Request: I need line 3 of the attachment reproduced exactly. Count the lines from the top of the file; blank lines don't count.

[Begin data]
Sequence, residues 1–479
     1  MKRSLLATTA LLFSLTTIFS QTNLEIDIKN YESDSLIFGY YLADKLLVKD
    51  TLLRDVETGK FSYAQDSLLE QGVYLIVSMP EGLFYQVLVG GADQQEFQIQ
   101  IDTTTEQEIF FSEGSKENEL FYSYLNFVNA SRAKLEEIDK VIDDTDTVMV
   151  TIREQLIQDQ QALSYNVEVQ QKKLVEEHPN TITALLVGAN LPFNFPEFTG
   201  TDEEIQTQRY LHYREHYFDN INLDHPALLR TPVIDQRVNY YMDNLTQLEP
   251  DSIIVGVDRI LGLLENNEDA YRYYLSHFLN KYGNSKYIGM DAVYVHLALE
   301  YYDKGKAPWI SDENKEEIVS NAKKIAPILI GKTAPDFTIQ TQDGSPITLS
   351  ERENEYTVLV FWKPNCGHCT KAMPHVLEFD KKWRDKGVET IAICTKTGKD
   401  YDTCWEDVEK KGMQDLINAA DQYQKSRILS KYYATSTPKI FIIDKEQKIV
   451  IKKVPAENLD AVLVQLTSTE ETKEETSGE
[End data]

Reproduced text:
    51  TLLRDVETGK FSYAQDSLLE QGVYLIVSMP EGLFYQVLVG GADQQEFQIQ